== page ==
What we know is that dads play a significant role in their child’s development. The role of the father has shifted over the past few decades with fathers now taking on more of an active role than ever. One who practices self-care both physically and mentally will likely be prepared to manage the stressors that parenting can present, as well as the ability to enjoy the highs that being a parent can reward us with.
First time dads are the most high-risk group
Becoming a dad for the first time may come naturally or induce confusion and stress. Particularly when your partner is pregnant, working out your role can take some time. Some great ways to prepare becoming a dad for the first time could be to attend a prenatal class with your partner, learn some skills such as wrapping a baby and changing a nappy and talking to your baby in utero.
Once baby comes along, remember that it’s okay if you don’t know what you’re doing. Learning anything new takes time! Learning to co-parent is an adjustment as is establishing routines. During this time and during pregnancy, communication is key.
As previously discussed, men often have a “suffer in silence” approach and particularly for new dads, this mentality is not sustainable and can often lead to symptoms of perinatal depression or anxiety.
Are you worried about not “manning up” enough for the child? Is being a father “foreign” to you? New dads need support, compassion, and guidance in their journey as a father. Recognising and talking about it is the first step.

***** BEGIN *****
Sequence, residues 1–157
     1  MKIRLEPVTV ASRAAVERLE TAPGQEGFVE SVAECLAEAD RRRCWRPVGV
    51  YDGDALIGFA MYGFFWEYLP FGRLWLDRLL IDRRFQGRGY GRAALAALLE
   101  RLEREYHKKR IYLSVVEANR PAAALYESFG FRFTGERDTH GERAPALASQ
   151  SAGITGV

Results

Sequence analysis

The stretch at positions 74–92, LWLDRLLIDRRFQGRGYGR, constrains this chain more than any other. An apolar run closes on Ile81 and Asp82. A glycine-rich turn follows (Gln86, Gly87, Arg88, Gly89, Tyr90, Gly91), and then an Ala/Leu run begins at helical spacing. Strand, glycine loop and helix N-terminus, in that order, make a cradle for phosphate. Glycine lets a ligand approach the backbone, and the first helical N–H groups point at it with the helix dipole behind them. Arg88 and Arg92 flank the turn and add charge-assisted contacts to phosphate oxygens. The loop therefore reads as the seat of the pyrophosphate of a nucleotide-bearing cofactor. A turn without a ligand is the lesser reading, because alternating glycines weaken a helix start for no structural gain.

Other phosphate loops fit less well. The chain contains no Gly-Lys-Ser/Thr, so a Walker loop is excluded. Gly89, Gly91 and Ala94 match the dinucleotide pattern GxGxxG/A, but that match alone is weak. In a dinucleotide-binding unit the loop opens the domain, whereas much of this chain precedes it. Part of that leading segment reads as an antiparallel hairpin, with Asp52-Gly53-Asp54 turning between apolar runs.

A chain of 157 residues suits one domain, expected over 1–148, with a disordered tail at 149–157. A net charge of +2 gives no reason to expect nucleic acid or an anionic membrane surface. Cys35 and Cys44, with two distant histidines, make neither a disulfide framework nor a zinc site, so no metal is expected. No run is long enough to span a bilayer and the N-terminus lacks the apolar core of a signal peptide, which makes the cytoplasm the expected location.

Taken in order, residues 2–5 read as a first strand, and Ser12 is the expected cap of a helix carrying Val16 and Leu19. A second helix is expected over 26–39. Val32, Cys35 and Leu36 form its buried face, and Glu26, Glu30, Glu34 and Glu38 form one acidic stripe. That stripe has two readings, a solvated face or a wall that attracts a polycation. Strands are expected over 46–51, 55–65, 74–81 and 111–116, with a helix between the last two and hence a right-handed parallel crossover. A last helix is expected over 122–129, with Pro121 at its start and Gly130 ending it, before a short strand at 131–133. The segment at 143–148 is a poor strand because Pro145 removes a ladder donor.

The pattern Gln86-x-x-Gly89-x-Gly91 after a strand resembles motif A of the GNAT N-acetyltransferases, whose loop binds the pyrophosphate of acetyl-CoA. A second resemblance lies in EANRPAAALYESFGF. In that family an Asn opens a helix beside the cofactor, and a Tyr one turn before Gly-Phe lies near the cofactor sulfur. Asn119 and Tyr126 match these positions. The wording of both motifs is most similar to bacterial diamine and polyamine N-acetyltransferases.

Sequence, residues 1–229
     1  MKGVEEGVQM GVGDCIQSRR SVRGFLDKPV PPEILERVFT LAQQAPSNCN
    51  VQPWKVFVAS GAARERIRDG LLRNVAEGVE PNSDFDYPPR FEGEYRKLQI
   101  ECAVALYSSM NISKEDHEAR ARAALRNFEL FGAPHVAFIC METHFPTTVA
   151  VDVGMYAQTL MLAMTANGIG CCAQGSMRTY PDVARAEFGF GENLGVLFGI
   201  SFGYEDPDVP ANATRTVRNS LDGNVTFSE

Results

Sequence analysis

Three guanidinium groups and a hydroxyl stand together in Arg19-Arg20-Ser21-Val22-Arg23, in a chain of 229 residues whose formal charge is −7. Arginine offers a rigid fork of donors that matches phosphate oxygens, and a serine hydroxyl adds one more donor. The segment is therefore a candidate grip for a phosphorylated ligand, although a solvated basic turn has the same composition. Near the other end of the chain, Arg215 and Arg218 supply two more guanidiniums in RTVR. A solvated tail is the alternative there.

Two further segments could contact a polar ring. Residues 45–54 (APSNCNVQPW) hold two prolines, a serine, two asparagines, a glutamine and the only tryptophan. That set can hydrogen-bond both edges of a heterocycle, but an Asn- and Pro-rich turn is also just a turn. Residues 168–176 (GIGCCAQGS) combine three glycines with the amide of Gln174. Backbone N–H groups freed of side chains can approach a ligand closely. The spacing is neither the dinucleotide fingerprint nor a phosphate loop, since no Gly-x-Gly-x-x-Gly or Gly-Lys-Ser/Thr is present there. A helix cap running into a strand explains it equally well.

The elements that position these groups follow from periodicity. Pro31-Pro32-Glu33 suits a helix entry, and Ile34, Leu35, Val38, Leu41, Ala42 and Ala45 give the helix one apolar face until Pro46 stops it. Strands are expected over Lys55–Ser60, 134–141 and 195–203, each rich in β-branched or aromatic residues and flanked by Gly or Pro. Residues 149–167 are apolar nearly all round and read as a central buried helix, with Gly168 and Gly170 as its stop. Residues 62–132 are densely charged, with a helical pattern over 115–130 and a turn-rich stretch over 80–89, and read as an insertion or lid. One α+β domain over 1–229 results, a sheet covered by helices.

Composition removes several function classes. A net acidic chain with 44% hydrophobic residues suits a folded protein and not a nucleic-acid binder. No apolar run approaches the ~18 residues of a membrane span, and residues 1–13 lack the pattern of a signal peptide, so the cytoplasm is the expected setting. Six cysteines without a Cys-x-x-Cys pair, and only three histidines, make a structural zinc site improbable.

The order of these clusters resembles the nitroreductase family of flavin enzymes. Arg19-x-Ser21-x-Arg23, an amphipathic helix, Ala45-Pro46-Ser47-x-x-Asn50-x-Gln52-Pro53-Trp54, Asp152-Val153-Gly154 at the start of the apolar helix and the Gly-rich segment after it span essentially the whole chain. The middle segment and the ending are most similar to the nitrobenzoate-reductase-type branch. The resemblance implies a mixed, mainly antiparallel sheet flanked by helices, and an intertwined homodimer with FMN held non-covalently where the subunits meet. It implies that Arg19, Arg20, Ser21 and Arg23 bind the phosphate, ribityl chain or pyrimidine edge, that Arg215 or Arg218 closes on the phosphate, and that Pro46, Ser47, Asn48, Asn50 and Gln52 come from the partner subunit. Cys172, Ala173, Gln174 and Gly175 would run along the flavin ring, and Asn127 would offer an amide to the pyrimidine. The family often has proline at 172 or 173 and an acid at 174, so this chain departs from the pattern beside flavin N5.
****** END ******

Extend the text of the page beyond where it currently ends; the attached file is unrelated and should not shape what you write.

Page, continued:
Seeking treatment / PPD diagnosis
Thanks to an increase in awareness and funding in Australia, we are beginning to talk more about mental health. Treatment for perinatal depression may include one or a combination of the following:
· Adequate sleep, exercise and nutrition
· Social Support
· Talk therapy
An Edinburgh Postnatal Depression Scale (EPDS) and Gotland Male Depression Scale (GMDS) may be applied by a health professional to assist determining what level of support may benefit a father. This tool is not intended to provide a diagnosis, neither scale alone is sufficient for depression screening in new fathers, however it can be used to assess possible depression in men and women.
With various online, telephone and face to face based services available, fathers can now access support and advice easier than ever before. Whether it’s 2am in the morning or a public holiday, support for fathers is always accessible.
Mental Health Treatment Plans are available through General Practitioners which, if eligible, will provide Medicare rebates for psychological appointments.
Fathers support resources & helpline
For additional support, your GP can be a great first step when discussing mental health. A GP can assess your symptoms and refer you accordingly for support.
Other support options include:
Frequently Asked Questions
See below our answers to some of the most commonly asked questions we receive about men’s postnatal depression.